Brown signs law punishing California sex offenders who ditch GPS devices

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California Gov. Jerry Brown looks on during a news conference at Google headquarters on September 25, 2012 in Mountain View, California.

Paroled sex offenders in California who cut off their GPS tracking devices will receive harsher punishments.      

Under legislation that Gov. Jerry Brown signed into law Saturday, cutting off a tracking device could send paroled sex offenders to county jail for six months.

The bill, from Democratic state Sen. Ted Lieu of Torrance, was in response to reports that more offenders were ditching their ankle bracelets and faced little punishment because they often were soon released from crowded jails.   

It takes effect Jan. 1.      

One set of figures from the state showed that the number of paroled sex offenders who are fugitives in California was 15 percent higher than before Brown's sweeping law enforcement realignment law took effect in 2011.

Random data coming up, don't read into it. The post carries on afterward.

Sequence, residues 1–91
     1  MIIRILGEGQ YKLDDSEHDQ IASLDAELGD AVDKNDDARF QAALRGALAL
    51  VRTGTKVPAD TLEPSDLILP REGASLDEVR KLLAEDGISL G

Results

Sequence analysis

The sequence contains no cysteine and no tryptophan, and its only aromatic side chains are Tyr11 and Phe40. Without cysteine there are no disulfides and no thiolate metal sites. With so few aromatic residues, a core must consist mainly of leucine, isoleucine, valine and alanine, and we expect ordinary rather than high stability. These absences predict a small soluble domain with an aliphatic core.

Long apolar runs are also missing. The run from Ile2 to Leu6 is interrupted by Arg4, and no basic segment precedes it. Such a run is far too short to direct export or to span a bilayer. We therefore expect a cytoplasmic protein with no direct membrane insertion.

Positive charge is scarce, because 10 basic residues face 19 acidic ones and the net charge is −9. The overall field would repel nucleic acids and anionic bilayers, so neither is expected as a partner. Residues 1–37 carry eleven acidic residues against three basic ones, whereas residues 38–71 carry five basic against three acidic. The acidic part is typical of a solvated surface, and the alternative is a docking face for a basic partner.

CORRECTION:  In an earlier version of this story, The Associated Press reported erroneously on several provisions in a bill signed into law by Gov. Jerry Brown. The maximum penalty for paroled sex offenders who cut off their GPS tracking devices is six months in county jail, not three years in state prison, and the offense is a parole violation, not a new felony. It does not apply to offenders who are ordered to wear the tracking devices as a condition of their county probation. The new law takes effect on Jan. 1, 2014, not immediately.

 

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